Court Rejects Business Group Challenges to OSHA Silica Rule

Enforcement will begin on June 23 for many general industry provisions

Court Rejects Business Group Challenges to OSHA Silica Rule

​The U.S. Court of Appeals for the District of Columbia Circuit recently rejected industry challenges to the Occupational Safety and Health Administration's (OSHA's) 2016 silica dust standard, which requires certain employers to provide added protection to workers who are exposed to cancer-causing particles.

Workers who inhale very small crystalline silica particles face an increased risk of developing serious diseases, including lung cancer, chronic obstructive pulmonary disease and kidney disease, according to OSHA.

Therefore, the agency issued two new respirable crystalline silica standards: one for construction and the other for maritime and general industry. The standards lower the permissible exposure level and require covered employers to provide respirators, safety training and periodic medical exams.

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The U.S. Chamber of Commerce and other business groups challenged the rule, questioning whether substantial evidence supports OSHA's finding that limiting workers' silica exposure actually reduces health risks and whether the rule is technologically and economically feasible for employers.   

The appellate court rejected all of the business groups' arguments.

Substantial Evidence

Before OSHA issues a new safety standard, it must make a "threshold finding" that "it is at least more likely than not that long-term exposure" to the regulated substance at current exposure levels "presents a significant risk of material impairment" that "can be eliminated or lessened by a change in practices," the court explained.

OSHA must support its finding with substantial evidence—but that standard doesn't require absolute certainty, the court said.

Regarding economic feasibility, the agency's only obligation is to confirm, on the basis of substantial evidence, that its rule does not "threaten massive dislocation to, or imperil the existence of, the industry," the court said. "There can be little doubt that OSHA has done so here," the judges concluded.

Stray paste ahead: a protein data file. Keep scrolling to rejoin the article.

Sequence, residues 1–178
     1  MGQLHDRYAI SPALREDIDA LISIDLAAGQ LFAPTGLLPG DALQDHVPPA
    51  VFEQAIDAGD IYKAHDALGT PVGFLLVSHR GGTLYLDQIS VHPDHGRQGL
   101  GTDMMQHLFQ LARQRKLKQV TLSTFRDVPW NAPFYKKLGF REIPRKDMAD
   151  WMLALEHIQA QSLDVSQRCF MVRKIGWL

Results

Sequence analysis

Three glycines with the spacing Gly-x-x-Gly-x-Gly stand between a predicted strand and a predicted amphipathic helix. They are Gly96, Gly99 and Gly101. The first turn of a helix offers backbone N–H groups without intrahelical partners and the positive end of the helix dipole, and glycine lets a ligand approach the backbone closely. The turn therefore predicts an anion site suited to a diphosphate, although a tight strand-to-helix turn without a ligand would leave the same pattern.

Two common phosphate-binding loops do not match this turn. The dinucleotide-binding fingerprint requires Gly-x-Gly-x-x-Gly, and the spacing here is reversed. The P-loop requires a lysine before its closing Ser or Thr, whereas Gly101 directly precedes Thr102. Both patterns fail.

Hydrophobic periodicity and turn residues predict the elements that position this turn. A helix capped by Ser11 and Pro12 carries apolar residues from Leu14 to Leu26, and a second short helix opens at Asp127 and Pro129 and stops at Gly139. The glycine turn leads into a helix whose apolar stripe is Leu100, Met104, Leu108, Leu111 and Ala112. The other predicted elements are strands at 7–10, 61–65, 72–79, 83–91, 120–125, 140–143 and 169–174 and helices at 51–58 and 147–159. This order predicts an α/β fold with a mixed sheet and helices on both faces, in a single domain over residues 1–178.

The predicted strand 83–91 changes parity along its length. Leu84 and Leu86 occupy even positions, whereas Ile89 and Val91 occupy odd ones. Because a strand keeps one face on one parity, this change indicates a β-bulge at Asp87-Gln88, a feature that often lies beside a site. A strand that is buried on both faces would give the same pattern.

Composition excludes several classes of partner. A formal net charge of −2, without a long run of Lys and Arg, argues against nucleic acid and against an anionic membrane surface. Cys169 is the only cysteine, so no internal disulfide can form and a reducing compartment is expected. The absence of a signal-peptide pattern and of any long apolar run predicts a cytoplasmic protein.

"Although there was room for debate on both sides, OSHA didn't have to be right. OSHA only had to be reasonable," said Arthur Sapper, an attorney with Ogletree Deakins in Washington, D.C.

The ruling is a big victory for OSHA, said Patrick Miller, an attorney with Sherman & Howard in Denver. Some employers may not like the outcome, but it was a very lengthy and well-considered opinion by the court, he said. "It shows that regulating agencies, even in this day and age, still get a lot of leeway in promulgating standards."

Union Challenge

The court also considered a union challenge to the rule arguing that the standard doesn't go far enough to protect workers. Specifically, the rule provides that workers will receive medical surveillance only if they wore a respirator for 30 days for one employer in a one-year period. The unions also opposed the absence of medical removal protections, which call for employees to be removed from a worksite when a doctor so recommends to alleviate work-related symptoms. They continue to receive pay and benefits.

The court rejected the unions' challenge to the construction standard's 30-day trigger for medical surveillance, but it gave weight to the argument about medical removal protections. "We conclude that OSHA failed to adequately explain its decision to omit medical removal protections from the rule," the court said, sending the case back to the district court for further consideration of the issue.

The case is North America's Building Trades Unions v. OSHA, D.C. Cir., No. 16-1105 (Dec. 22, 2017).


If covered employers haven't taken a hard look at their silica exposure yet, they better do so now because a key compliance deadline is approaching, Sapper noted.

Enforcement will begin on June 23 for most provisions of the standard for maritime and general industry—though covered employers will have until June 23, 2020, to offer medical exams to certain workers.

Many of the construction standard's provisions took effect in 2017.


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